That foreshadows a miraculous truth: on the day of resurrection, it is not only our spirits that will rise, but our bodies also. Just as the resurrected Christ was recognizable by his physical body, even though it was undeniably transformed, so we will be recognizable by our physical bodies, even though they will be remarkably made new.
That means that Christians don’t look forward to a day when things that make us different from other disappear; we look forward to an eternity in which those differences no longer divide.
Revelation chapters 21 and 22 show us what that eternity looks like; here we find the fullest vision of God’s intention for creation. Rather than taking us out of the world, creation is the context in which God’s kingdom comes. God makes God’s home among the people, who have gathered from every corner of earth and as God transforms creation, making all things new, we discover the purpose of it all: for the healing of the nations.
Here’s where it becomes real for us, especially as we seek to be faithful in mission and evangelism: we’re to be a foretaste of that Revelation image. We’re to be now what God envisions for the future – a community transformed by the power of the Holy Spirit, in which differences may remain, but no longer divide nor define. A community in which healing can be experienced and lives made whole.
We’re to be a place where all those scattered families of God can come together – not by losing their uniqueness – not because we’ve sacrificed our languages or cultures or traditions – but because we are sanctified, saints who all call on the name of the Lord Jesus Christ.
God doesn’t desire us to be Babels – God desires us to be means through which God blesses all families of the world, a foretaste now of what God envisions for the future.
I was in Kenya last year teaching at an evangelism seminar for Christians in the Wesleyan Methodist family. We have a big family in Kenya. There are United Methodists there, but we’ve only been there since the 1990’s. Others in our family have been there much longer: the Methodist Church of Kenya, Wesleyans, AME’s – you have many sisters and brothers and aunts and uncles and cousins in Kenya.
One of the challenges for Christians in Kenya is Islam. It’s aggressive and sometimes even militant. But part of the challenge is our own lack of unity, and I’m not talking about all being the same church, I’m talking about shared mission and ministry.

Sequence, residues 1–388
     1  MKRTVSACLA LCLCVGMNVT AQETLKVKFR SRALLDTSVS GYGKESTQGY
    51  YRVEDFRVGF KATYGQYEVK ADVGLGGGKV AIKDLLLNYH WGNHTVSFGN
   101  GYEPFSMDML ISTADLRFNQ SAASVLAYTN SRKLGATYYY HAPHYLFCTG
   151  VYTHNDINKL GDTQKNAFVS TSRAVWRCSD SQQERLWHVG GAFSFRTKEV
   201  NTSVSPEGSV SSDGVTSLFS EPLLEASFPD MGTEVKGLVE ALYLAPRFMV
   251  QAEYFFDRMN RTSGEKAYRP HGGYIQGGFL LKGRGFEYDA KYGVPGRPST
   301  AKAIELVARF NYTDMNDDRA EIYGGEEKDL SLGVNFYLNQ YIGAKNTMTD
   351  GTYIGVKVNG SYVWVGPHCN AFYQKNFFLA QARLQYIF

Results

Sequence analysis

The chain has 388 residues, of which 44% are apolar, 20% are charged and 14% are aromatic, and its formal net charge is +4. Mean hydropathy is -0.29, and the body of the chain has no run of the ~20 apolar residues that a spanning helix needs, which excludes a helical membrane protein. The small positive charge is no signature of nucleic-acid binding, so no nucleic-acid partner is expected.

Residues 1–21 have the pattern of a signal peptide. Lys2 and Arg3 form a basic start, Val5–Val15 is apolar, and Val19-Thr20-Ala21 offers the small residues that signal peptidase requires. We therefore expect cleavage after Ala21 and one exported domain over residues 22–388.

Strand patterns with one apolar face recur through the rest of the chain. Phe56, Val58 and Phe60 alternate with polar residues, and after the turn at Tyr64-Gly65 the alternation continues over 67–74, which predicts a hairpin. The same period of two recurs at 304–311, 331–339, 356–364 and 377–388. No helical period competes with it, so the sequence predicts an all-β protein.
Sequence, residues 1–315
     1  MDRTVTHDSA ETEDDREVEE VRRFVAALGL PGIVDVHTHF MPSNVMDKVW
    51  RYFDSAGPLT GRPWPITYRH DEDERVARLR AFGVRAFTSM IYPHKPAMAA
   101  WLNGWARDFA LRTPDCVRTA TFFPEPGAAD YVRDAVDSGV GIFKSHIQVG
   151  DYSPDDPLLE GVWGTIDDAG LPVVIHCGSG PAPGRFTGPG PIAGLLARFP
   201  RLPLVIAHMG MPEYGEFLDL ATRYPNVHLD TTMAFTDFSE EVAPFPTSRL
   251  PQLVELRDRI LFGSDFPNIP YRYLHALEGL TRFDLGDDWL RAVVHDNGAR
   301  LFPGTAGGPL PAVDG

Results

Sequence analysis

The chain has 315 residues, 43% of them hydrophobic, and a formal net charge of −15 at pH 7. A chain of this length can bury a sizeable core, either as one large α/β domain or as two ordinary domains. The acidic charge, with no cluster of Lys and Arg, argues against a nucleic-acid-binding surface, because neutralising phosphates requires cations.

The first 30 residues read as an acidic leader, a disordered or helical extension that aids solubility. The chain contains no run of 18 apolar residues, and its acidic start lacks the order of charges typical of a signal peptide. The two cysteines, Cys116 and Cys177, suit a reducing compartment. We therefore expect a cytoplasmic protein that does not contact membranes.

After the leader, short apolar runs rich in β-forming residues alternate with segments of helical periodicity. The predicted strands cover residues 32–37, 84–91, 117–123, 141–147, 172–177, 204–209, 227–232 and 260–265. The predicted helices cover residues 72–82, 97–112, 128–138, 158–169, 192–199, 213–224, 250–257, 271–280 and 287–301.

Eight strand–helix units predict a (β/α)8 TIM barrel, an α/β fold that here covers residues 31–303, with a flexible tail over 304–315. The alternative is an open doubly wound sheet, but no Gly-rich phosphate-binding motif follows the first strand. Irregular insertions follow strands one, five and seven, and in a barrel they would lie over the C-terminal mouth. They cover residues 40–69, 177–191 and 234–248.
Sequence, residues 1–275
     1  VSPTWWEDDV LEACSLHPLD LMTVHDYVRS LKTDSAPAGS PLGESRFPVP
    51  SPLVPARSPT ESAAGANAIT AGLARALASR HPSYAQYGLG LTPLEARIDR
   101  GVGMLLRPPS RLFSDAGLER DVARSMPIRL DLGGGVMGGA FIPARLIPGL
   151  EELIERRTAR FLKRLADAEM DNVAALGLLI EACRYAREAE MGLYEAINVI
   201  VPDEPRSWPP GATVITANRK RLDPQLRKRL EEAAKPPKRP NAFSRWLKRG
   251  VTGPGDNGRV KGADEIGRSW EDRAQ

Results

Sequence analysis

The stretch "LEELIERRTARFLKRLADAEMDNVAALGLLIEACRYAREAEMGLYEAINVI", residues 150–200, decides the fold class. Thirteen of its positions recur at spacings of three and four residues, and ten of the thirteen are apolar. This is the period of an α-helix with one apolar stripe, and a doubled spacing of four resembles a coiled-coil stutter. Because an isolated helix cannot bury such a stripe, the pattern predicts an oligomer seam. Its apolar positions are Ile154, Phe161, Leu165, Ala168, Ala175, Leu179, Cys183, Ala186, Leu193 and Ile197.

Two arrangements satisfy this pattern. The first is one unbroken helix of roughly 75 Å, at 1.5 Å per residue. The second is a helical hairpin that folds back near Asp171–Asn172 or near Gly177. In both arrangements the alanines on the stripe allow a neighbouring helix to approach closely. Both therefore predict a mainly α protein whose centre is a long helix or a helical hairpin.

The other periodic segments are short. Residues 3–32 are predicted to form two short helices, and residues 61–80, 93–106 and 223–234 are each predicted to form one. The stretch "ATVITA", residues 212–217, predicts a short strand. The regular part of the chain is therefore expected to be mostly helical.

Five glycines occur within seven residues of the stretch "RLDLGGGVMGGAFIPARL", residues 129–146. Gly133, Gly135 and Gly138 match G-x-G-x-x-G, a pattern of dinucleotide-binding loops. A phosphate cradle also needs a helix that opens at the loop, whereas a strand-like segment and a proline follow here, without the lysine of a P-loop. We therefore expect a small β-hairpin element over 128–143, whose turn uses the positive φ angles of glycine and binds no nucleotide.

One of the critiques Muslims level at Christians in Kenya is that they aren’t connected; they’re fractured and each seems to work against the others. They isolate themselves in their own groups, even preaching against the work of others.
The folks who came to the seminar were so encouraged, so uplifted and empowered, not because of anything amazing we did, but simply because they were gathered together for the first time – the whole Methodist Wesleyan family – and they crossed the boundaries of their own churches in order to witness together to the saving power of Jesus Christ. They left with the commitment to continue that unified witness.
Have you made a similar commitment? Are you content to remain isolated within the confines of your own tower? Are you willing to move out, to scatter, to make connections, cross boundaries, take risks in places and with people who are far away?
Our witness is strengthened whenever we cross boundaries – whenever we scatter on behalf of the Gospel.
Some boundaries exist in far-away parts of the world, but some exist right here at home and some exist even within the Methodist Wesleyan family. Are you the only Methodist Church in your town? (Are there UMC, AME, Nazarene, Wesleyan?)
If we’re to leave our towers of Babel and be scattered as God desires, if we’re to be a true foretaste now of what God intends for all creation in future, then we need to keep John’s Revelation image firmly in our minds as we engage in all our mission, both at home and far away:
God’s holy city descends to earth. The home of God is among the people. He will dwell with them and they will be his people and why is all this going to happen?
For the healing of the nations.
The good news of the Gospel is that through the work of Jesus Christ, the God of all creation is reconciling all things. Not homogenizing all things – reconciling all things – Reconciling all people. Reconciling all nations.
The mission of God is to bring this all-encompassing reconciliation and healing to the whole of creation. This is the mission which God is accomplishing through Jesus Christ in the power of the Holy Spirit. This is the mission to which we are called as followers of Jesus Christ.
Do we want people of all nations and cultures to come to faith in Jesus as their Savior and Lord? Do we want people of all nations and cultures to become people of the Jesus way? Then in your town and throughout the world, we must leave our towers of Babel – we must scatter.
And when as a scattered people we come together through the power of the Holy Spirit we become more than the sum of our parts. That’s when we become a foretaste of God’s healing salvation. All are gathered around the throne – all proclaiming and demonstrating that Jesus is the renewer of all people – the renewer of the whole creation, the whole face of the earth, all the dimensions of life.
As Christians, the salvation we proclaim is that big. The news is that good.